Crested Blue Swedish Duck: Profile, Facts, Eggs, Traits, Color

crested blue swedish duck

The Swedish Blue Duck, known as Svensk blå anka in Swedish, is a distinctive breed of domestic duck originating from what was formerly Swedish Pomerania, now part of northwest Poland and northeast Germany. Emerging in the nineteenth century, it bears similarities to other duck breeds but is characterized by a unique cluster of fluffy feathers atop its head, known as a crest. These ducks are primarily kept as pets or ornamental birds, appreciated for their unique appearance. However, it’s noteworthy that not all offspring of this breed will inherit the crested trait. Additionally, male ducks may exhibit behavior such as pulling out feathers during breeding season. In this article, I am going to describe Crested blue Swedish duck

Crested Blue Swedish Duck: Profile, Facts, Eggs, Traits, Color

One of the defining features of the Swedish Blue Duck is its crest, a distinctive cluster of fluffy feathers located on the top of its head. This characteristic sets it apart from other duck breeds and adds to its appeal as a decorative fowl. The crest can vary in size, with some individuals displaying particularly large crests. However, it’s important to note that the presence and size of the crest may not be uniform across all ducks of this breed. Furthermore, the crested trait may not be consistently passed down to all offspring, resulting in variability within the population.

Historical Background of the Crested Blue Swedish Duck

Origins and Emergence: The Crested Blue Swedish duck originated during the 19th century in what was then Swedish Pomerania, now part of northwest Poland and northeast Germany. The first documented mention of this breed dates back to 1835.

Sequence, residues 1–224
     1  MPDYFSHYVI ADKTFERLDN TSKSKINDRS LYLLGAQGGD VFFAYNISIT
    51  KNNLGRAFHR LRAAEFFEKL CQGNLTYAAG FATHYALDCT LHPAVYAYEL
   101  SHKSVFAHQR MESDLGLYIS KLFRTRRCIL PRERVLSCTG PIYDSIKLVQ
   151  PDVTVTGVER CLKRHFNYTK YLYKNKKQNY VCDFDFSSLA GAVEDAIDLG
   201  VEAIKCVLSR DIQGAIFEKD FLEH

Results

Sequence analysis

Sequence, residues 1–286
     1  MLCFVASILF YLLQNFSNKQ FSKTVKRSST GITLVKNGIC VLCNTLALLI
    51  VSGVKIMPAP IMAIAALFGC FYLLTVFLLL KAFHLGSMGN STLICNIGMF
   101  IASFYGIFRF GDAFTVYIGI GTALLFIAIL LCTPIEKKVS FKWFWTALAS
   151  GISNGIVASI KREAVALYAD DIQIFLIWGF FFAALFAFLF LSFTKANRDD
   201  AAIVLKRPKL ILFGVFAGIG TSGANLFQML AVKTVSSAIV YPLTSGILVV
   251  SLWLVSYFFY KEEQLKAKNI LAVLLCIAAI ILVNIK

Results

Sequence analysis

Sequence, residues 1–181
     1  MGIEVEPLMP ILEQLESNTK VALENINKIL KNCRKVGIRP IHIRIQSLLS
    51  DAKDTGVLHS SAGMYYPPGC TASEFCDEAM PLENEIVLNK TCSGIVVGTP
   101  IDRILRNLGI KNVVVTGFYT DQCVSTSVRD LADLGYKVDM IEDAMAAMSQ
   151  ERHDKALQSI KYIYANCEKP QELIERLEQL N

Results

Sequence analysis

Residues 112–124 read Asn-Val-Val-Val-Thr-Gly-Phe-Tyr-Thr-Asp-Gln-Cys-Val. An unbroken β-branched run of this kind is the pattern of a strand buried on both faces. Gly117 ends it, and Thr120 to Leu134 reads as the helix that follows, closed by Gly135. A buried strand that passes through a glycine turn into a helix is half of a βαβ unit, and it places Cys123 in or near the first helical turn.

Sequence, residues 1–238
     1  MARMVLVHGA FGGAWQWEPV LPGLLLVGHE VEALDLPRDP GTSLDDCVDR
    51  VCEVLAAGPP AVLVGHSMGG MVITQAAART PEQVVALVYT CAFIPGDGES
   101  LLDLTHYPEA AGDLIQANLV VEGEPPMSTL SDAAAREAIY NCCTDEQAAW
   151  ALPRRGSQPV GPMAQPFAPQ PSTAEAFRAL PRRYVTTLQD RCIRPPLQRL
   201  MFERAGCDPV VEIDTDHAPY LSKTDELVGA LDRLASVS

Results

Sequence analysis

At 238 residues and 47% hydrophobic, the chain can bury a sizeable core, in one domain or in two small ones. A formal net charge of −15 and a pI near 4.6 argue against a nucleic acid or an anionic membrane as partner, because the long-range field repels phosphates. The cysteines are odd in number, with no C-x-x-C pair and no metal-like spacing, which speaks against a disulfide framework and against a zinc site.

Introduction to America: In 1884, some Crested Blue Swedish ducks were exported to America. Recognizing its unique characteristics, the American Poultry Association added the breed to its Standard of Perfection in 1904 under the name “Swedish”, with the sole color variation being “blue”.

Conservation Status: Despite its historical significance, the population of Crested Blue Swedish ducks in Sweden is alarmingly low, with only 148 breeding birds reported. The Food and Agriculture Organization of the United Nations listed its conservation status as “critical” in 2007, while in 2014, it was classified as “endangered-maintained” in Sweden. Limited data is available from Ireland, the only other country reporting the breed. In the United States, the American Livestock Breeds Conservancy lists it as “watch”, indicating a breed with declining numbers.

Challenges in Exhibition and Breeding: The Crested Blue Swedish duck faces challenges in becoming a popular exhibition breed. Specifics regarding wing coloration make the breed difficult to standardize, often discouraging breeders and hobbyists from owning or breeding them. These complexities may hinder efforts to preserve and promote the breed.

The Role of Swedish Blue Ducks as Pets

Swedish Blue Ducks are primarily kept as pets by enthusiasts who appreciate their unique appearance and charming demeanor. As domesticated birds, they thrive in environments where they receive proper care and attention from their owners. Despite their ornamental value, these ducks can also serve practical purposes on farms or in backyard settings, providing companionship and entertainment. However, owners need to be aware of the specific needs and behaviors of this breed, including potential challenges such as maintaining the crest’s condition and addressing breeding-related behaviors exhibited by male ducks.